Use the right snowshoes for the terrain.
There are snowshoes for flat terrain, rolling terrain, and mountain terrain. For the Pacific Northwest, I use snowshoes designed for mountain terrain. How are mountain terrain snowshoes different?
Flat terrain snowshoes provide support but have little traction on the underside. This allows you to go faster on flat terrain but making them a potential high-speed death sled on mountains. Rolling terrain snowshoes have more traction, but only mountain terrain snowshoes have the added traction plus pop-up heel lifts that give your calves a break on steep terrain. Many mountain terrain snowshoes also have removable extensions or flotation “tails.” If you are looking to acquire mountain terrain snowshoes, look for these three basic features:
- Long sidewall traction bars
- Pop-up heel lifts
- Removable extensions
Also, look at how easily you can get them on and off. I prefer a single pre-adjusted strap over the front of the boot, leaving only one strap on the back heel to secure. You may no longer be able to find single-front-strap snowshoes because most have three straps, but you can still pre-adjust them. Some snowshoes are available in different widths based on gender and different lengths for different body weights, such as (22 in/180 pounds, 25 in/220 pounds, 30 in/280 pounds). Get the length suitable for your weight.
Finally, consider the weight of the actual snowshoe. You will most likely have to occasionally carry the snowshoes on your backpack some of the distance. That can add 4lbs (1.8 kg) or more to your pack. Keep this in mind when you are putting your gear in your car: You may arrive at the trailhead and not need to carry the snowshoes for the first few low-elevation miles. This means you need to also have straps that allow you to attach the snowshoes securely to your backpack.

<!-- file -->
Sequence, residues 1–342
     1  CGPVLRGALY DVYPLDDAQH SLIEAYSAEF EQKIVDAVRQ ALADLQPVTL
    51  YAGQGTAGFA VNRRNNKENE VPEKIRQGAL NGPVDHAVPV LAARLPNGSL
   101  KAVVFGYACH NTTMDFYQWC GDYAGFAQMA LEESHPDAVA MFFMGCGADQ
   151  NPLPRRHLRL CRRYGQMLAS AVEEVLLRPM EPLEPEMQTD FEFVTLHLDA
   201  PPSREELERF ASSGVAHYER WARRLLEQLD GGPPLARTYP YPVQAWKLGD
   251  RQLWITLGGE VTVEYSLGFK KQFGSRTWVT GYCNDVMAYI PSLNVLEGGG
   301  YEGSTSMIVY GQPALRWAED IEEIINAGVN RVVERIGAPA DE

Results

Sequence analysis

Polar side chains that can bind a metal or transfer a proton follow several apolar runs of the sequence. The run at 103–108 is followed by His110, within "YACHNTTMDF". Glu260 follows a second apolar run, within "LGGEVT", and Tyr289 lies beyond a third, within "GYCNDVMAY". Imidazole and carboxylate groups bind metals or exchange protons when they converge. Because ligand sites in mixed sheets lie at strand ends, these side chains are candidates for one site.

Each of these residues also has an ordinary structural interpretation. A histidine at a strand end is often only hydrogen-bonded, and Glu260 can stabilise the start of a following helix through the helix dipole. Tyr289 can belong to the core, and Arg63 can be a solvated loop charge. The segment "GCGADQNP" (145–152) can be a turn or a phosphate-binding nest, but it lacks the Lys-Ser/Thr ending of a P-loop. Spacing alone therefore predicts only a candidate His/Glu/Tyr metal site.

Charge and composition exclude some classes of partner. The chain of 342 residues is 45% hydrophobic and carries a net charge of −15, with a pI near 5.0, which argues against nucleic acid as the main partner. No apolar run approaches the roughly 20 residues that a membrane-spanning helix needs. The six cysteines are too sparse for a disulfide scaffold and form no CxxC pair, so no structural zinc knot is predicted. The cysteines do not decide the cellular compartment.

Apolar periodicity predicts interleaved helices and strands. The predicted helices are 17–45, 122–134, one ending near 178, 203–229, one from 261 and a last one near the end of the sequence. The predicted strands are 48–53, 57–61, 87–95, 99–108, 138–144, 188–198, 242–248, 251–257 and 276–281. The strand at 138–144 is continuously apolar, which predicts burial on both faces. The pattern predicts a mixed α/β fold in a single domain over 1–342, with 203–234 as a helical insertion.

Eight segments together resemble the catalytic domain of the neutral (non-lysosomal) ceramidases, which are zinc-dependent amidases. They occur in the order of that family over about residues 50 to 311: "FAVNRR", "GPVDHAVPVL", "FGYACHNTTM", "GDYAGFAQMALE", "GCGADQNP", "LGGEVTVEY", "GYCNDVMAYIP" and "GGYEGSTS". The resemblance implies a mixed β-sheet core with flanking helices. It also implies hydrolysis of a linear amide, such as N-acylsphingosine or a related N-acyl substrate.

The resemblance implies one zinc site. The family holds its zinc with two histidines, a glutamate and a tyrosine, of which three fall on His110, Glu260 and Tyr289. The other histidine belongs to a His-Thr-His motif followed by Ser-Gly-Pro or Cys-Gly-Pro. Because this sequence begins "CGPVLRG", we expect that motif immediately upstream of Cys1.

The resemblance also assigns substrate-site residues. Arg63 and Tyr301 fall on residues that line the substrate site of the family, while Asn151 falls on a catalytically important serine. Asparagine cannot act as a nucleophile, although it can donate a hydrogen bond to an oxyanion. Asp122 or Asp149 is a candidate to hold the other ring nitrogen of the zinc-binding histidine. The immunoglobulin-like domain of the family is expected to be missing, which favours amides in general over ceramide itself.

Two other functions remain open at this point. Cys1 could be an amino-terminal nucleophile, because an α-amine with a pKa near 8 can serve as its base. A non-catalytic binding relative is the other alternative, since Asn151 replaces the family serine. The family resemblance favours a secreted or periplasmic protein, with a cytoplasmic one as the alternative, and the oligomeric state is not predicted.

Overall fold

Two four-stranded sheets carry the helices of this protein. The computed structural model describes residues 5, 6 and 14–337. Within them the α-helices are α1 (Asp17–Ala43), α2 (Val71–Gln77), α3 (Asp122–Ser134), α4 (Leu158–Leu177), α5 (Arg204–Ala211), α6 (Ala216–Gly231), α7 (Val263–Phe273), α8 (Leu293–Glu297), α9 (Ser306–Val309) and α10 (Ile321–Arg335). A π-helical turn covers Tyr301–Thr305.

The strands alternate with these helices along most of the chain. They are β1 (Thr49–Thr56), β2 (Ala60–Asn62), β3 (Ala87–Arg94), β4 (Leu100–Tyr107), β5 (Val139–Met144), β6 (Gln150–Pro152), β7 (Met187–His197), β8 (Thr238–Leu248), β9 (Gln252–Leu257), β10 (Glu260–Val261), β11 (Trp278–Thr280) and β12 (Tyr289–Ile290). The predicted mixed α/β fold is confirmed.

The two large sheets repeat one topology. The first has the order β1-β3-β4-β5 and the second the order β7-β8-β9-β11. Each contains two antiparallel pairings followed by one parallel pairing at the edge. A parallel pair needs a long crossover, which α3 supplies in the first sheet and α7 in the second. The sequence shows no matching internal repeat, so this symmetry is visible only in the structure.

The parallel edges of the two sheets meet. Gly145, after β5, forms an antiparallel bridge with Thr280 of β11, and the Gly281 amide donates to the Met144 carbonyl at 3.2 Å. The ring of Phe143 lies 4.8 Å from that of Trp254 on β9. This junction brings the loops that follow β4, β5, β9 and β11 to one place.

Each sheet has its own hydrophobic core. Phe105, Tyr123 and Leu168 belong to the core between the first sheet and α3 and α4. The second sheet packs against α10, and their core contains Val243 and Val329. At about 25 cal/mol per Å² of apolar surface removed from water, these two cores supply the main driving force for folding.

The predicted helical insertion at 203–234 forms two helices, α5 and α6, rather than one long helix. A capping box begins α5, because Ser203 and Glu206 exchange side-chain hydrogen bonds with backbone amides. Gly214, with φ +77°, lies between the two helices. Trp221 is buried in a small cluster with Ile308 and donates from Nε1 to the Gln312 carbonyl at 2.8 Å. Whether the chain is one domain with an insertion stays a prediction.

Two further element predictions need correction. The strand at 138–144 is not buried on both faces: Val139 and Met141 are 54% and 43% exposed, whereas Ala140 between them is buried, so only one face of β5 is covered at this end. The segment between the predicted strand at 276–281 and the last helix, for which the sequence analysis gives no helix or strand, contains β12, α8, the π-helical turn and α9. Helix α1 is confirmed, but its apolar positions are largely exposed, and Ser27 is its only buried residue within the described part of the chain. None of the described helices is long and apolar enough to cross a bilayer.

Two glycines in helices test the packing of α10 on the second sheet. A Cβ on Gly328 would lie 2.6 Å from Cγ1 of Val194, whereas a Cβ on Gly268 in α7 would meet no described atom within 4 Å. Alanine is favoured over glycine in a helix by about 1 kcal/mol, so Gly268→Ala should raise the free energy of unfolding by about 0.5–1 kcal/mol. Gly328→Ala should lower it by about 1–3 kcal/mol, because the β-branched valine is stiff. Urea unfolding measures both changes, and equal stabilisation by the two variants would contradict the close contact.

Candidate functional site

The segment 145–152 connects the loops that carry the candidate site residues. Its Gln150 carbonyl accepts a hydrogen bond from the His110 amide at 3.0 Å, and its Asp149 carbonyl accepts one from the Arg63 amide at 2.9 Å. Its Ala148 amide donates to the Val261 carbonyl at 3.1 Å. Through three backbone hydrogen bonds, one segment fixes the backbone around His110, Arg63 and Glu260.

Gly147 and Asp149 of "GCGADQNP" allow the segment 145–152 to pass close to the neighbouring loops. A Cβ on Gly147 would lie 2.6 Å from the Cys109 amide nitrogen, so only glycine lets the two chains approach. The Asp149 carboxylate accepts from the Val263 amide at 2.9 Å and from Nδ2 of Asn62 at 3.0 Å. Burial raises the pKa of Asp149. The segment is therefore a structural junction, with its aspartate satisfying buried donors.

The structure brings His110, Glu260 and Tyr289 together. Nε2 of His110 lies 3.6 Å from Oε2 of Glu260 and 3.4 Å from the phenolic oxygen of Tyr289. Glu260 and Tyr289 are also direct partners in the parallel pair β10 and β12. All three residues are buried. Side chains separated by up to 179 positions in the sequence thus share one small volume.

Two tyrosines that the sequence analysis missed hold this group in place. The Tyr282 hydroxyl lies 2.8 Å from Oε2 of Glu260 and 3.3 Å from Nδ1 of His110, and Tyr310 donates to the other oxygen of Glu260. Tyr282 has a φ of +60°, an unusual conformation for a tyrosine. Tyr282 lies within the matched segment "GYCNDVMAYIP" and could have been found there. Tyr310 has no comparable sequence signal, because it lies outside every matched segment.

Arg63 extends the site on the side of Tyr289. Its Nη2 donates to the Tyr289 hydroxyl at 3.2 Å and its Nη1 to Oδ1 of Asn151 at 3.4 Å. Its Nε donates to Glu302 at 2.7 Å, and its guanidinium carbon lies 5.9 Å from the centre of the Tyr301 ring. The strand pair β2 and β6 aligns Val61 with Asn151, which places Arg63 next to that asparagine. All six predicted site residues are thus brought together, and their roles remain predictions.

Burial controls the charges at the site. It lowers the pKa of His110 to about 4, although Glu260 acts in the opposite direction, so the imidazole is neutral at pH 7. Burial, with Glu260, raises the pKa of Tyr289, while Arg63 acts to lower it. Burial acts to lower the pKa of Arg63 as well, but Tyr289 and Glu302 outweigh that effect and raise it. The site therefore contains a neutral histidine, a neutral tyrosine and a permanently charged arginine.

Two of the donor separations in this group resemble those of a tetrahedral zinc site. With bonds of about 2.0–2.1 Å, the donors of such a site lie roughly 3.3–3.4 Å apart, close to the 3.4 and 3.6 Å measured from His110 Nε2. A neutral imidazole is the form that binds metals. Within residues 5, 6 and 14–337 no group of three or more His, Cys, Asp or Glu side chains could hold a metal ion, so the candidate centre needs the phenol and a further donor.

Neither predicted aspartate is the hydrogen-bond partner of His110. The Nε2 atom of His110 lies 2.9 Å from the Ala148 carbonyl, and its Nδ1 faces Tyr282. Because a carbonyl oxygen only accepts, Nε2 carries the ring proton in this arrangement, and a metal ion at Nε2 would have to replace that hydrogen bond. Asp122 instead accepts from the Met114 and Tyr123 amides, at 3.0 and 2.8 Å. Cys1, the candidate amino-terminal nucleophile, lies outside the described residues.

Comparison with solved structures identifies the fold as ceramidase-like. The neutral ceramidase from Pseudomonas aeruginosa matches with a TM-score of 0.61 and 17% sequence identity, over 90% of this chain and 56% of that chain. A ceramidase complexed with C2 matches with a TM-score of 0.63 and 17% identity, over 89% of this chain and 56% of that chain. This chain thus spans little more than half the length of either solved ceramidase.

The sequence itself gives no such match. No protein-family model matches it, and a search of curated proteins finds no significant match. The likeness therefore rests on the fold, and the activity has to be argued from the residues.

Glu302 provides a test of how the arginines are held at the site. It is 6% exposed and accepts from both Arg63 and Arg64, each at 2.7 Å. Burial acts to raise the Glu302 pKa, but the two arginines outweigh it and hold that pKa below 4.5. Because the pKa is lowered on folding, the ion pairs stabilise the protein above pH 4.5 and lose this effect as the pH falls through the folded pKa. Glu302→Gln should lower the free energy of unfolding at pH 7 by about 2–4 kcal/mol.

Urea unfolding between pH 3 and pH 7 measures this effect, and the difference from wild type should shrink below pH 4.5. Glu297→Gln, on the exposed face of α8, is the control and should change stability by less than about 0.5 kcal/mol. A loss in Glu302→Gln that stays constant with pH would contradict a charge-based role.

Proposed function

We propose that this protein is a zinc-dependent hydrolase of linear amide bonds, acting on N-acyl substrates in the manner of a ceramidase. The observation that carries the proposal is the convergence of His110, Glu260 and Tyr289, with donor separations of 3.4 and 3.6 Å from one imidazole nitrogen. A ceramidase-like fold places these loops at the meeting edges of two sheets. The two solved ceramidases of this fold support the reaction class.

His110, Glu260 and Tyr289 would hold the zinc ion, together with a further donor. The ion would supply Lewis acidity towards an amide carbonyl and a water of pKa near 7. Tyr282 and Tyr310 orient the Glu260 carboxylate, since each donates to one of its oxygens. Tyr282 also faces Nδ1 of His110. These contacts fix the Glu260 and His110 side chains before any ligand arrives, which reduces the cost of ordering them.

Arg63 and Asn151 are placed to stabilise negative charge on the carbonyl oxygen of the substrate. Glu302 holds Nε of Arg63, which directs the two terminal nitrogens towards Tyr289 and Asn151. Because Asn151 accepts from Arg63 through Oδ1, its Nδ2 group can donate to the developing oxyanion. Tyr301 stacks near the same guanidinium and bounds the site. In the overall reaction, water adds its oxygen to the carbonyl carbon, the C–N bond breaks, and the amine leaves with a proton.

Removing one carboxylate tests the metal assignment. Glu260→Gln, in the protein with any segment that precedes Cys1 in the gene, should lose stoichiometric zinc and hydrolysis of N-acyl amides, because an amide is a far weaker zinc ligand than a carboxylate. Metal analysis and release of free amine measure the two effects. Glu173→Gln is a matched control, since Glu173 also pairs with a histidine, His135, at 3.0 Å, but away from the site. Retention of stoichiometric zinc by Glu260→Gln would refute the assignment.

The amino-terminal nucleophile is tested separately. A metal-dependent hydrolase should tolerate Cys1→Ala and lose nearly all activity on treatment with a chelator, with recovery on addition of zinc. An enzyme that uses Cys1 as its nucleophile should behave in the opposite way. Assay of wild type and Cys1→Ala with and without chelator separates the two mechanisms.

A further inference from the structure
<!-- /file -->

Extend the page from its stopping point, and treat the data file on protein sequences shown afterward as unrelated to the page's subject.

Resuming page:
If you are hiking on terrain like the slope shown in this photo (above / Colchuck, slightly off route), you may be crazy, but less so if you have snowshoes designed for mountain terrain. To understand the difference, look on the bottoms (see photo below) and look for long side walls or side rails for traction.
Snowshoes designed for mountain terrain also have a heel lift. Look at the back of the snowshoe for this feature.
Snowshoe extensions or flotation tails can also be useful. Personally, I have never needed them and would not want the extra weight. It all depends on your weight and the snow conditions. You will need the flotation tails if you are heavy and you are hiking in deep fresh snow (especially common conditions in fall and early winter). I have seen heavy guys struggle in deep snow even with the extensions. Without tails, they would not have gotten far.
It is not enough to have the right snowshoes. You need to understand different snow conditions and common dangers, such as tree wells. Pick your route carefully, carry the essentials, and before you even head out, check the avalanche forecast.
If you have not used snowshoes before, look around and signup for an expert guided snowshoe trip. These are sometimes offered in National Parks and forests. Some provide snowshoes. You can learn important safety tips and find out if snowshoeing is for you.
Let me know if you have any questions or suggestions. I’ll be updating this post periodically for correction, etc.
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